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PTSD and Trauma Causes

Posted in Articles, Mental Health

With PTSD, Not All Trauma Is Caused By War

If you were to ask someone to name a group of people who experience post-traumatic stress disorder (PTSD), the answer would most likely be war veterans. And while it’s true that veterans are at substantial risk for PTSD, war is not the only cause.

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female soldier

Posted in Drug Addiction, Mental Health

Reproductive Cycle Causes More Psychiatric Problems in Female Veterans

Recent findings from a team of American researchers point to unique mental health needs for female veterans, many of which stem from changes in reproductive health.

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Posted in Helpful Articles, Mental Health

Why Do People With PTSD Have Nightmares?

Recent findings from a team of British researchers point to multiple factors that may contribute to the onset of unwanted, distressing memories in people with PTSD.

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Posted in Mood Disorders

Gender, Sexual Assault History Have No Bearing on PTSD Treatment Outcomes

New findings from a team of American researchers indicate that a military veteran’s gender and history of sexual assault exposure have no measurable impact on the initial severity of PTSD symptoms or the likelihood of recovering from those symptoms after treatment.

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Posted in Mental Health

PTSD Weighs More Heavily on Mental Health Than Co-Occurring Problems

Recent findings from a team of Brazilian researchers indicate that severe PTSD has a primary damaging impact on health-related quality of life, even in those individuals also affected by other significant mental health issues.

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Posted in Mental Health, Treatment

Brain Imaging Helps Separate PTSD From Traumatic Brain Injury

A new study has shown that brain scans could help doctors distinguish between post-traumatic stress disorder (PTSD) and traumatic brain injury (TBI) in patients suffering from symptoms that are characteristic of both conditions. Both PTSD and TBI can occur during traumatic incidents and can result in debilitating, life-changing symptoms. It isn’t always easy to tell which condition a patient has or if he has both. With new diagnostic techniques, physicians will be better able to diagnose, treat and help their patients.

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Posted in Helpful Articles, Mental Health

Can Magnetic Resonance Therapy Heal PTSD?

Many military personnel returning from the Middle East are suffering from post-traumatic stress disorder (PTSD), and some believe that a therapeutic technique called magnetic resonance therapy, or MRT, can help them heal. Although research on the effectiveness of this type of treatment is scarce and inconclusive, many veterans are coming forward to tell their stories about success with MRT. The limited evidence is enough for the government to begin clinical trials.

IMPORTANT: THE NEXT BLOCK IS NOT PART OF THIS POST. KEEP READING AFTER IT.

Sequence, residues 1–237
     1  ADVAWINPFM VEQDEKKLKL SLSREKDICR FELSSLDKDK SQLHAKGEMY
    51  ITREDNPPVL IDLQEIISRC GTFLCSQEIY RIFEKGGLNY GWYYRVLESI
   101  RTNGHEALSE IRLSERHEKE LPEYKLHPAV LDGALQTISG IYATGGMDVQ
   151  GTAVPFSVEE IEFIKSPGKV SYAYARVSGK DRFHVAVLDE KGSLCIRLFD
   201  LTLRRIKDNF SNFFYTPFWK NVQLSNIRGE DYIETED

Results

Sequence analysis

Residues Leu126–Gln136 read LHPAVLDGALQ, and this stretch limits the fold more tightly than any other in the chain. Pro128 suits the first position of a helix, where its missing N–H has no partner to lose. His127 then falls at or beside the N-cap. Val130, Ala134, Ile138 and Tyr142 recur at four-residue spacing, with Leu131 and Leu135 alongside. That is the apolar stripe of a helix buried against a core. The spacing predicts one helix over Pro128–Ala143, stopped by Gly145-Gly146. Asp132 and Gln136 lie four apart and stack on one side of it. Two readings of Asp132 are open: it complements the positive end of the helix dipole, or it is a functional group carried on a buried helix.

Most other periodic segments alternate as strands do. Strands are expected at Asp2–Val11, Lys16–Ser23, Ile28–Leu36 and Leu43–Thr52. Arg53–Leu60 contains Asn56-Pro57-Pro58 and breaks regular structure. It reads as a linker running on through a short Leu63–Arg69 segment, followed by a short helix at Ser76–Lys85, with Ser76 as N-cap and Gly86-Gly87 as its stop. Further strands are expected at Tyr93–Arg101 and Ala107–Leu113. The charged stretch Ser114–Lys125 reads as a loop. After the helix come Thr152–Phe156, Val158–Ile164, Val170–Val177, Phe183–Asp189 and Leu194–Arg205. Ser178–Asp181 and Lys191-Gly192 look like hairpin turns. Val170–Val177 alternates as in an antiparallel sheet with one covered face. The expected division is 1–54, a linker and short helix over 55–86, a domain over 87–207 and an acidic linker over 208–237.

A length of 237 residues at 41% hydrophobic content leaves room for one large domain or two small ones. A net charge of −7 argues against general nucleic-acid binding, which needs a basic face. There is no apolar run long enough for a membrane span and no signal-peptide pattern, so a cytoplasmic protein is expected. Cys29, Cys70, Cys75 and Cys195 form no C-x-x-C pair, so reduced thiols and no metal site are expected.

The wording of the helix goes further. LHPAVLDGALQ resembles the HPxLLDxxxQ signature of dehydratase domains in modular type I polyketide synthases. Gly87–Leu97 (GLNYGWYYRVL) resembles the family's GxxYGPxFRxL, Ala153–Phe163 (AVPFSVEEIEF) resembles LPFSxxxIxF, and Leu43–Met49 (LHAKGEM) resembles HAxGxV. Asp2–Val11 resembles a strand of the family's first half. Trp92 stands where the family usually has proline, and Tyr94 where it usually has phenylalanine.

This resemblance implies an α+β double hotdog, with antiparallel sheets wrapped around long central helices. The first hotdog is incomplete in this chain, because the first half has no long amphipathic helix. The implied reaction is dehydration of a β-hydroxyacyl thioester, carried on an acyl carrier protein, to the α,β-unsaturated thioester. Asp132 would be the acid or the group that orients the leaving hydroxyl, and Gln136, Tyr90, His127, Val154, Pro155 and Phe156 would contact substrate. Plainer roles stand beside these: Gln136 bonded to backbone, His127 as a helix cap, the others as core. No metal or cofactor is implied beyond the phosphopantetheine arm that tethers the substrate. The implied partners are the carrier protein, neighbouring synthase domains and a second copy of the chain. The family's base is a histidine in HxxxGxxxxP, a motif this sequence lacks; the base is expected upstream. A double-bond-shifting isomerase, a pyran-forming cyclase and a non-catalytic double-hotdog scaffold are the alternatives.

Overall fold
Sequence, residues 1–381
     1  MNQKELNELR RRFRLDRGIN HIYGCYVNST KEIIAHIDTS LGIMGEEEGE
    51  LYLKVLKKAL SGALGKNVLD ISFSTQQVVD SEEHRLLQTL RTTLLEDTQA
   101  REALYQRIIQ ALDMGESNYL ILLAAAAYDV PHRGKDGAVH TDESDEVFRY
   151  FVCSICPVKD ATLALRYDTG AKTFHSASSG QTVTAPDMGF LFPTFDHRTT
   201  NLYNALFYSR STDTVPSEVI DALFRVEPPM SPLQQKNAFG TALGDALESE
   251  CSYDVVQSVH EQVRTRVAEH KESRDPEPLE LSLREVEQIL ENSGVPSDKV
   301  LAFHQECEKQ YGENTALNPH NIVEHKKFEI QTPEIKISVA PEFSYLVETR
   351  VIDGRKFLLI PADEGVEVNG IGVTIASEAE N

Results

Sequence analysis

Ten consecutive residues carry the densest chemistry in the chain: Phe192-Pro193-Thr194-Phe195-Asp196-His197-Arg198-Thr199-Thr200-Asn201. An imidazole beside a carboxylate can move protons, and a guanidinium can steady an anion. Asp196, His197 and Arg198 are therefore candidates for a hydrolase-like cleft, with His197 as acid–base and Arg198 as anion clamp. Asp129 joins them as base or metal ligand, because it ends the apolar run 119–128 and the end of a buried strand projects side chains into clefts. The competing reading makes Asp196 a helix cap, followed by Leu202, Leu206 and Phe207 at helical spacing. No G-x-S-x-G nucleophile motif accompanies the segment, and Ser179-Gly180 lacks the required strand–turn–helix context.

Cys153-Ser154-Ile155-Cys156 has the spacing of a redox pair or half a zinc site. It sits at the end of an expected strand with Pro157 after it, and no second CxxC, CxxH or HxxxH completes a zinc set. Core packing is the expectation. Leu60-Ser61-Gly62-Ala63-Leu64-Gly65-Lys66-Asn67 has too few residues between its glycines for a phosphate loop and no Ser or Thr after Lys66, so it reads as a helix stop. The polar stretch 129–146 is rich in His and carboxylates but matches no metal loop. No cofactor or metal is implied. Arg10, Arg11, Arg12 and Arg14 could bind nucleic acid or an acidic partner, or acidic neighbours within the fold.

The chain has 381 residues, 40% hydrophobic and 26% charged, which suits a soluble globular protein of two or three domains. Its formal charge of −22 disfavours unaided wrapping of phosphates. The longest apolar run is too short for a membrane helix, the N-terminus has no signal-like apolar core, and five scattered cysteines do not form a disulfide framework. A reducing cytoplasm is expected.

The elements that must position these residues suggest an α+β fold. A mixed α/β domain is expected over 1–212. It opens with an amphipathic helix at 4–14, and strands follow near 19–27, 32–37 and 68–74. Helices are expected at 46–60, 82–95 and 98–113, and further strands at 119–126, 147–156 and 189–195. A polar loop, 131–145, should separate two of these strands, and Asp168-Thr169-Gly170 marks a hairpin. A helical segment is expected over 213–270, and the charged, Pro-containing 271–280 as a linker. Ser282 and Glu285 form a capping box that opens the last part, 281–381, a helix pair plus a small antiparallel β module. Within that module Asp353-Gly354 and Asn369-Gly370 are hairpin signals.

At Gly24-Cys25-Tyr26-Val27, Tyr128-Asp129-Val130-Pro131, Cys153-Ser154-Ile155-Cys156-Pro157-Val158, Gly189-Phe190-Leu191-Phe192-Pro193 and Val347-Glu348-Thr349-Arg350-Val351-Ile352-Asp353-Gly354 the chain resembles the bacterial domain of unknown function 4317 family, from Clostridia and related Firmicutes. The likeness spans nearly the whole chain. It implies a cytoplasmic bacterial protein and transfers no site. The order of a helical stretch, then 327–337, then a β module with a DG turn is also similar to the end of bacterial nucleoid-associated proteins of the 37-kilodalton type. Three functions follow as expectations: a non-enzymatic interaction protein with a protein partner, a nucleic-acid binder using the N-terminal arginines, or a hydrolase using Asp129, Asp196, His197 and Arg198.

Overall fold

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Posted in Trauma and PTSD

Unlike PTSD, Acute Stress Disorder Doesn’t Damage Brain

Unlike the related condition called post-traumatic stress disorder (PTSD), acute stress disorder does not appear to damage the brain’s structure, according to new findings from a team of Hungarian and Israeli researchers.

Acute stress disorder (ASD) is a diagnosable mental health condition that appears within the first 30 days of exposure to a highly traumatic event or situation capable of overwhelming the body’s natural stress regulation mechanisms. In a study published in March 2015 in the journal Psychiatry Research: Neuroimaging, researchers from four Hungarian institutions and one Israeli institution sought to determine if people affected by ASD experience the same changes in brain structure that characterize PTSD. These researchers found no evidence of such structural change.

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Posted in Helpful Articles, Mental Health

Surgery Risk Factor for PTSD in Older Adults

New findings from a team of German researchers identify the use of general anesthesia during surgery as a PTSD risk factor for older adults, especially in individuals who develop a condition called postoperative delirium.

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Posted in Helpful Articles, Mental Health

Traumatized Women Far More Likely to Develop PTSD Than Men

When subjected to similar types of trauma, women are several times more likely to be diagnosed with post-traumatic stress disorder (PTSD) later on than men. It has been known for quite some time that women have an elevated risk for this chronic life-altering condition, but new research has quantified this risk and found it to be even more significant than had previously been assumed.

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